You know, tonight you saw her switch. We're able to manipulate defenses just a little bit differently and a little more flexibility with her out there because she's played some three in her time at Oregon State.
So she identifies as, you know, a wing to the five. So she makes us very versatile. And when she's playing energized like tonight and she's such a factor on the boards, she's dynamic look for us.
Q. Scott, tough loss, but Mik did something special tonight in becoming the programs all-time leading rebounder, and for roughly 80% of her career she's been a guard for you. I just wondered when you recruited her, you knew she was good, a big-time recruit, but did you ever imagine that she would do that as a rebounder?
SCOTT RUECK: That's incredible. Congrats, Mik.
MIKAYLA PIVEC: Thank you.
SCOTT RUECK: An unbelievable accomplishment. And, no, I -- that's something -- I knew she was a great rebounder. That's one of the things that just stands out, you know, when I watched her, stood out when I watched her play high school ball, AU ball, my goodness, she has an effortless way of gliding around the floor and swooping in to get every 50/50 ball, it seems.
And it is just one of those things, you know, Jamie Weisner was on our team at the time, and I thought that Jamie was the best guard rebounder I had ever coached, just because of her effort and desire. And I'm like, I think Mik might be better.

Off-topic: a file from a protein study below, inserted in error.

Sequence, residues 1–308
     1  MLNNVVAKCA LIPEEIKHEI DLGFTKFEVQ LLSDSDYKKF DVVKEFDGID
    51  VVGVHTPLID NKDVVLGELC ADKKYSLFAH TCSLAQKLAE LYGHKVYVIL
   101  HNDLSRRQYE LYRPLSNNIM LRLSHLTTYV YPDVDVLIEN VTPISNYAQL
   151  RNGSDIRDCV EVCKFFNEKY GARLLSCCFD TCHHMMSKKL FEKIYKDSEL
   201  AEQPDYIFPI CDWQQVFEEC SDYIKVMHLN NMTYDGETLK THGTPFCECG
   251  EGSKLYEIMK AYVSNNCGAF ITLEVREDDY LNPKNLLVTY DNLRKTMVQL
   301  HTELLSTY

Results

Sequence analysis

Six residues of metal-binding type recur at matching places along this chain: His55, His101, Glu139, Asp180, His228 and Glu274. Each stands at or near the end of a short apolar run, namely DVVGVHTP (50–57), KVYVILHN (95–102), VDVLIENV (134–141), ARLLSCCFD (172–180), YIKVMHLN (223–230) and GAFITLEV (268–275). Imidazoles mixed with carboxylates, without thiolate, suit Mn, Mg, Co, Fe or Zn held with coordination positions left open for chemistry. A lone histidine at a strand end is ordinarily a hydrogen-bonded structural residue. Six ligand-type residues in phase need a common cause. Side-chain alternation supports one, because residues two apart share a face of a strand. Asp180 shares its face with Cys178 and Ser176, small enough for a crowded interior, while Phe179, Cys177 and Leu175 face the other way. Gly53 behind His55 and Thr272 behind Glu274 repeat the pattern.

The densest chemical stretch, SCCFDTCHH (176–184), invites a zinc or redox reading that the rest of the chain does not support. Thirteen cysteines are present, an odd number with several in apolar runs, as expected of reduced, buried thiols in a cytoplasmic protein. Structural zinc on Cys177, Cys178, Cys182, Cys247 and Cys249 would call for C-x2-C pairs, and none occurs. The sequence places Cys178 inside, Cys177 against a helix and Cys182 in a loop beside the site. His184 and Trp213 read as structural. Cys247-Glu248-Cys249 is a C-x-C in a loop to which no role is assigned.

I couldn't imagine coaching somebody that competed from a guard position harder for boards. And so here Mik is surpassing Ruth, you know, to be the all-time career rebounding at Oregon State. That's a phenomenal accomplishment, one that kind of defies logic, actually. But it doesn't, if you know Mik. She's just -- she has the hugest heart, and I think it's -- she's near the top of several categories statistically in Oregon State history.
But how cool that she's the career leader in rebounding, because it is the most selfless thing you can do. And that's who she is. I think it is very fitting.
Q. I have to ask a follow-up. Mik, you're pretty much emotional right now. Can you tell us what's going through your mind?
MIKAYLA PIVEC: Yeah. Just sad that we lost. The individual stuff doesn't really mean as much to me, just sad that our team doesn't get to play more in this tournament.
So couldn't do more for our team, and that's why I'm sad.
SCOTT RUECK: Unselfish.
Q. Scott, can you talk about having time off, being able to regroup, circle the wagons a little bit and still having hosting on the table and your case for why you think you'll still be in that mix?